It was verified that 3.5% of children did not consume anything of the fruits-and-vegetables group during the three days and more than 70.0% of the children presented some fruits-and-vegetables group consumption <200g/day, way below the daily dietary recommendations (Table 3).

Table 3 Consumption of fruits, greens and vegetables in children between 4 and 7 years-old, according to the presence of intestinal constipation. Viçosa (MG), Brazil, 2015-2016. 

Markers Constipation p*
Yes (n =45) No (n =100)
n (%) n (%)
Fruits
<p75** 33 73.3 72 72.0 0.868
≥p75 12 26.7 28 28.0
Greens
<p75 35 77.8 77 77.0 0.918
≥p75 10 22.2 23 23.0
Vegetables
<p75 35 77.8 73 73.0 0.542
≥p75 10 22.2 27 27.0
Fruits-and-vegetables group
<p75 33 73.3 75 75.0 0.831
≥p75 12 26.7 25 25.0

Note:

*Chi-square test; Maximum percentage of unknown observations (n=8; 5,5%).

**p75: percentile75; p75 fruits (100g/day); p75 greens (15g/day); p75 vegetables (70g/day); p75 fruits-and-vegetables group (less than<200g).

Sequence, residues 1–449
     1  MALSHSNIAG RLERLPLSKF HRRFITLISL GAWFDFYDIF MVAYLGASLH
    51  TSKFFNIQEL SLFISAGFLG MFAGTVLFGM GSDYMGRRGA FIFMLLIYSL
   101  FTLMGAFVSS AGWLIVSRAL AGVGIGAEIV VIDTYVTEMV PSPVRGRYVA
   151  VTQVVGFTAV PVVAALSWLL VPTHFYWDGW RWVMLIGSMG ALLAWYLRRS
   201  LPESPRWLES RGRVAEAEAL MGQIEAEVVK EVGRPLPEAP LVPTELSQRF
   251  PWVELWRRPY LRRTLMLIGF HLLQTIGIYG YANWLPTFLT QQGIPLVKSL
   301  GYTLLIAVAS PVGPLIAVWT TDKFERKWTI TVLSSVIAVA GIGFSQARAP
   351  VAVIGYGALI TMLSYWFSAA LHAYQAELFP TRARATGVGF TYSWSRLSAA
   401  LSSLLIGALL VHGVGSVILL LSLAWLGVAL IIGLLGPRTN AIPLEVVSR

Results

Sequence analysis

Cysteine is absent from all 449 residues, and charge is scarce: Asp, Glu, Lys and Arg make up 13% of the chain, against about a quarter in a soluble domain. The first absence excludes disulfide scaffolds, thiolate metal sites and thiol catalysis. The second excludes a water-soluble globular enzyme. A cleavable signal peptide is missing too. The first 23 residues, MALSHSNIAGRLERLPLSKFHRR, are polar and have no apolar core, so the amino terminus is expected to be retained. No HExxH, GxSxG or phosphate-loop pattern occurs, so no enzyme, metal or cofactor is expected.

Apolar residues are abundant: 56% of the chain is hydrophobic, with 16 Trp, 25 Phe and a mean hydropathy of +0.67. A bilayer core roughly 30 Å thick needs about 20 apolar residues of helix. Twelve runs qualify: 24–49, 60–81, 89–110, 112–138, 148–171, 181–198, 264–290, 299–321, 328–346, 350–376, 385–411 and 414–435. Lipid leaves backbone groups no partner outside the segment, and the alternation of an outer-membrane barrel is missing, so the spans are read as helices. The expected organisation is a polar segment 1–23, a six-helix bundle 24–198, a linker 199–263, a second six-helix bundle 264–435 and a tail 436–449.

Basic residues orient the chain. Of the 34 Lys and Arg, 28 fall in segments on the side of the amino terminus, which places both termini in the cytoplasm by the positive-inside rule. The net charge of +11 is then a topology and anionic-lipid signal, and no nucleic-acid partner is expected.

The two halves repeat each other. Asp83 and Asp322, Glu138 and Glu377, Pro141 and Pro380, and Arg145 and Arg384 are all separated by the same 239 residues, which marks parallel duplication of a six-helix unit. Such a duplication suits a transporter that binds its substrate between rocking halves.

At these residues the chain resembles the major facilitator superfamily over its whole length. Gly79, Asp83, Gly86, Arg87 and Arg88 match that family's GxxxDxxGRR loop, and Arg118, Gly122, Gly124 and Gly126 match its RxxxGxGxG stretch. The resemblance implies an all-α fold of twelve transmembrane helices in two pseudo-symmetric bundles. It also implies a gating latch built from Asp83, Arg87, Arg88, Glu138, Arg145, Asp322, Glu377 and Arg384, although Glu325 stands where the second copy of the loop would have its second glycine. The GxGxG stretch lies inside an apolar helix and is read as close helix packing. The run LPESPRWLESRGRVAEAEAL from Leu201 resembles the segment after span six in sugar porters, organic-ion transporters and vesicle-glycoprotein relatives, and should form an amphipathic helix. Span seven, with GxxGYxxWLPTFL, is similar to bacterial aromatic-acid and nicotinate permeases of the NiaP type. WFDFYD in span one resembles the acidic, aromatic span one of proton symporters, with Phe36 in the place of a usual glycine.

In relation to water intake, the mean water intake (mL/day) was higher than 3 cups (600mL), and daily intake levels which were lower than 600mL were associated with constipation (p=0.028).

DISCUSSION

The results showed that the prevalence of constipation was higher among children who did not consume fruits and greens and consumed chocolate milk. In addition, the frequent consumption of foods considered as markers of unhealthy eating habits was high, especially in children with constipation, demonstrating the importance of evaluating markers of healthy and unhealthy eating habits in the etiopathogenesis of constipation in childhood.